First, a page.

'All My Children' and 'One Life to Live' make their dramatic comeback
From the new opening credits to the influx of new actors playing aged up characters to spicier scenes, the retooled online versions of All My Children and One Life to Live are trying to show they’re not your mother’s soaps… while still trying to hold on to your mother as a viewer. If you have not seen the new shows yet, stop reading. Spoilers ahead.
The new 30-minute episodes from Prospect Park launched this morning on Hulu, set to post new episodes every weekday starting at 5 AM ET/2AM PT.
All My Children picks up five years after the cliffhanger finale in 2011, which saw a gun pointed at a room full Pine Valley’s elite and a shot ringing out. Having the new show begin with a reference to that night and reestablishing strong anchor characters Brooke (Julia Barr) and Adam (David Canary) was a smart move, serving as a kind of reassurance to longtime viewers. Shortly after that came the introduction of a teenage AJ (Eric Nelsen) and Bianca’s now-teen daughter Miranda (Denyse Tontz). The opener gives the signature All My Children red journal but also the new theme song “We are the love we give.”
While the language stayed pretty PG, the online serial reveled in the lack of broadcast constraints with a steamy (dream) scene between David Hayward (Vincent Irizarry) and Cara Castillo (Lindsay Hartley). It wasn’t overly graphic, but definitely showed more skin and had more suggestiveness than the show has done in the past. And fan favorites Angie (Debbi Morgan) and Jesse’s (Darnell Williams) playful, sexy banter reinforced that freedom.
The exterior shots, filmed in Connecticut, were beautiful but at times felt a little forced. It will be fun to see that finding a rhythm. And for the most part the older characters sound like themselves, the “people” you’ve come to know and love, like Opal (Jill Larson) spouting her country sayings or singing the praises of business tycoon son Petey (Robert Scott Wilson), and a fresh-from-prison and still sinister David with his cryptic sayings. There are enough allusions to what actually happened five years ago to make you think you know but keep you guessing.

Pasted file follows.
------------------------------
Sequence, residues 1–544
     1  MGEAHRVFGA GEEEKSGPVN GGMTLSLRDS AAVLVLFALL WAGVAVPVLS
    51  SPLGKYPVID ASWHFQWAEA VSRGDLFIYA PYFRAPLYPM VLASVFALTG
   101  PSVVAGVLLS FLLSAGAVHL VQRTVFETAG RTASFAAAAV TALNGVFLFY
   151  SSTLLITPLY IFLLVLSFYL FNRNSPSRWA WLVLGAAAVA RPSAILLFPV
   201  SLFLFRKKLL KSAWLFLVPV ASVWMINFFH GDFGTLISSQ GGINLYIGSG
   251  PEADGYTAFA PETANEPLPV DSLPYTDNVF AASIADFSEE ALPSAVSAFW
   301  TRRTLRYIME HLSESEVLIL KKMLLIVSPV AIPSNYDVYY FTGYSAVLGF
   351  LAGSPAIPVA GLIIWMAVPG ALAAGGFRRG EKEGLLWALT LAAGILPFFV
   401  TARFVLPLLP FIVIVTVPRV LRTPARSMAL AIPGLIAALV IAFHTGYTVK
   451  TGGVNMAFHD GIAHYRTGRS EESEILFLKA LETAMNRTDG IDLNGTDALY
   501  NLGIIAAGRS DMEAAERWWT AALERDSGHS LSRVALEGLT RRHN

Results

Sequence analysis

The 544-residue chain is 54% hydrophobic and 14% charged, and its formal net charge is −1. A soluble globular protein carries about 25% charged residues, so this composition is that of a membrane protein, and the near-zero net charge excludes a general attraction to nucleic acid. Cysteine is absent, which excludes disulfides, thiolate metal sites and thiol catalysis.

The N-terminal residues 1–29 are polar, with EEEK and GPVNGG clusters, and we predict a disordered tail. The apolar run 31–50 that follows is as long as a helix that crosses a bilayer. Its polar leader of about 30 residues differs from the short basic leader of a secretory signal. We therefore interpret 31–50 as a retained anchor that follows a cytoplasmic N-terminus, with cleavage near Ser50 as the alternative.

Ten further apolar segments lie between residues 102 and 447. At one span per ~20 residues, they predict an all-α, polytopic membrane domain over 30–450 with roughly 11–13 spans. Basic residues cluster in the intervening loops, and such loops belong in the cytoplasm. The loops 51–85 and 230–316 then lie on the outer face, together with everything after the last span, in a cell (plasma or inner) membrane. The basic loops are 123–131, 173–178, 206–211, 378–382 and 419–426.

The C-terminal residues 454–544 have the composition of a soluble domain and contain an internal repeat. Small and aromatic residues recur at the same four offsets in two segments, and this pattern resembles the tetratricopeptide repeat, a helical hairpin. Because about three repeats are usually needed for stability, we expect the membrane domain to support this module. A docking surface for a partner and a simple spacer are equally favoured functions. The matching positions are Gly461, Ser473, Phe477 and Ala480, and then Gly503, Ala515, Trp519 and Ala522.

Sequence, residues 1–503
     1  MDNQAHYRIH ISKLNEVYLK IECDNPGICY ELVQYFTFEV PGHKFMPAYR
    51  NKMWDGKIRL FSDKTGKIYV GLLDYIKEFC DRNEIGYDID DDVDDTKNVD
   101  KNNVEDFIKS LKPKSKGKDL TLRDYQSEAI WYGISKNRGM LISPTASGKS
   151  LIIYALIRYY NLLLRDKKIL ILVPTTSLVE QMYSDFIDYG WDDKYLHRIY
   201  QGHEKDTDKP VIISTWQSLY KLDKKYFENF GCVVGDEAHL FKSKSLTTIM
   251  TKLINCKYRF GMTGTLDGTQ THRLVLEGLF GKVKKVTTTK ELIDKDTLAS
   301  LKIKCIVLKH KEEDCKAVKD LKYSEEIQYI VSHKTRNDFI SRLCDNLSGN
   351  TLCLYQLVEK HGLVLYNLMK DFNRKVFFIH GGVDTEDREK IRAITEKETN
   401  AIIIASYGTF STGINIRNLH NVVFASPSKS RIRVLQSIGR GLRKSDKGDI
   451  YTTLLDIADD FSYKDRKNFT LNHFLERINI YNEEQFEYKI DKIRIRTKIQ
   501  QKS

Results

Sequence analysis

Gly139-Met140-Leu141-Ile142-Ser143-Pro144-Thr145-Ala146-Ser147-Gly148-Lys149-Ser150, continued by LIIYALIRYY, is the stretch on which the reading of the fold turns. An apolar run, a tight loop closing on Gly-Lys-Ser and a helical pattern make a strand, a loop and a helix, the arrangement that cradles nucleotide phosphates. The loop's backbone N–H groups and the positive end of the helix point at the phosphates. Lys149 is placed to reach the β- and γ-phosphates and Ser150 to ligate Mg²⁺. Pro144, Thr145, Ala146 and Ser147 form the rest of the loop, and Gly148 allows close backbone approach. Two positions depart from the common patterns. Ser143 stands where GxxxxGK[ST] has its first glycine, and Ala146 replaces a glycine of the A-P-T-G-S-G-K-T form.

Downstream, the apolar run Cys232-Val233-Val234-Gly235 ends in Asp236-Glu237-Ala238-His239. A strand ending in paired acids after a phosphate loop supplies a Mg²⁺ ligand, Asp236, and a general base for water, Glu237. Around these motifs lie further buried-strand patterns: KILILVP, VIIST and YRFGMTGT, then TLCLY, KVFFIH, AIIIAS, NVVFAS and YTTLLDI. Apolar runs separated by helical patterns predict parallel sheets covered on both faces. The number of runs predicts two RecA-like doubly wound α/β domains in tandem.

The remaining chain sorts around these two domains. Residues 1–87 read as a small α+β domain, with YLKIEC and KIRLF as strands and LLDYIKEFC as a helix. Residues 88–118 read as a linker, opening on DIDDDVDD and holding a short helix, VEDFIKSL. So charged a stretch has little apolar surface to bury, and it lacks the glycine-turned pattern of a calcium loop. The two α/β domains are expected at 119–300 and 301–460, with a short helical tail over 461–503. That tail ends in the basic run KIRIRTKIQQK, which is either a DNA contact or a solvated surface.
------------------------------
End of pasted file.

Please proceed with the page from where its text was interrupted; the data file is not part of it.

Things took a darker turn over in Llanview both literally and figuratively. Most of the premiere One Life to Live episode played out at night, as the town prepared for the opening the new nightclub Shelter. And before the new credits kicked in, there was already a murder.
Again, good idea to start the show with its center, Viki (Erika Slezak), but also to play up the more humorous characters like Dorian (Robin Strasser) and David (Tuc Watkins), who would steal the show with his antics including a Saturday Night Fever-style strut down the red carpet. The club scenes felt very realistic with more extras to give it scope and recognizable pop music like One Republic’s “If I Lose Myself.”
There seemed to be accounting for storylines that moved forward over on General Hospital in the interim, as we saw Tea (Florencia Lozano) drowning in her sorrows, mourning her baby who died in Port Charles, and Natalie (Melissa Archer) out sans John (Michael Easton). Meanwhile, recast former teen parents Destiny (Laura Harrier) and Matthew (Robert Gorrie) exhibited a dynamic that could be pretty interesting moving forward. Corbin Bleu has jumped into the mix of the young people, with a history tying him to both Dani (Kelley Missal) and Matthew, and a present tied to Vicki as a reporter for her paper. And Todd (Roger Howarth) still has plenty of chemistry with Blair (Kassie DePaiva). But the show’s bad boy returned to town just in time to catch his drugging and boozing daughter Dani spiraling out of control. All this while an unidentified person bearing a tattoo’ed symbol connected to Todd was killed and dragged off.
The visuals on both shows is sharp. There’s a sense of striving for more of a nighttime soap aesthetic and the newer, younger viewers that could bring. AMC seems to be moving at a quicker pace of the two, something executive producer Ginger Smith told EW she definitely wanted to do, along with cutting back on the often repetitive nature of daily soaps. We’ve yet to see how much we’ll feel missing characters like Erica Kane in the mix. Similarly, for the One Life to Live characters who have not returned. But soap fans are used to a variety of characters on the canvas and even though these casts are smaller, as long as the stories remain engaging I suspect most fans are so happy to have them back that they will give the shows lots of leeway to get into a groove.
What did you think of the revamped shows? Were they what you hoped they’d be?
[Editor’s note: The actress who plays Opal was accidentally misidentified. She is played by Jill Larson.]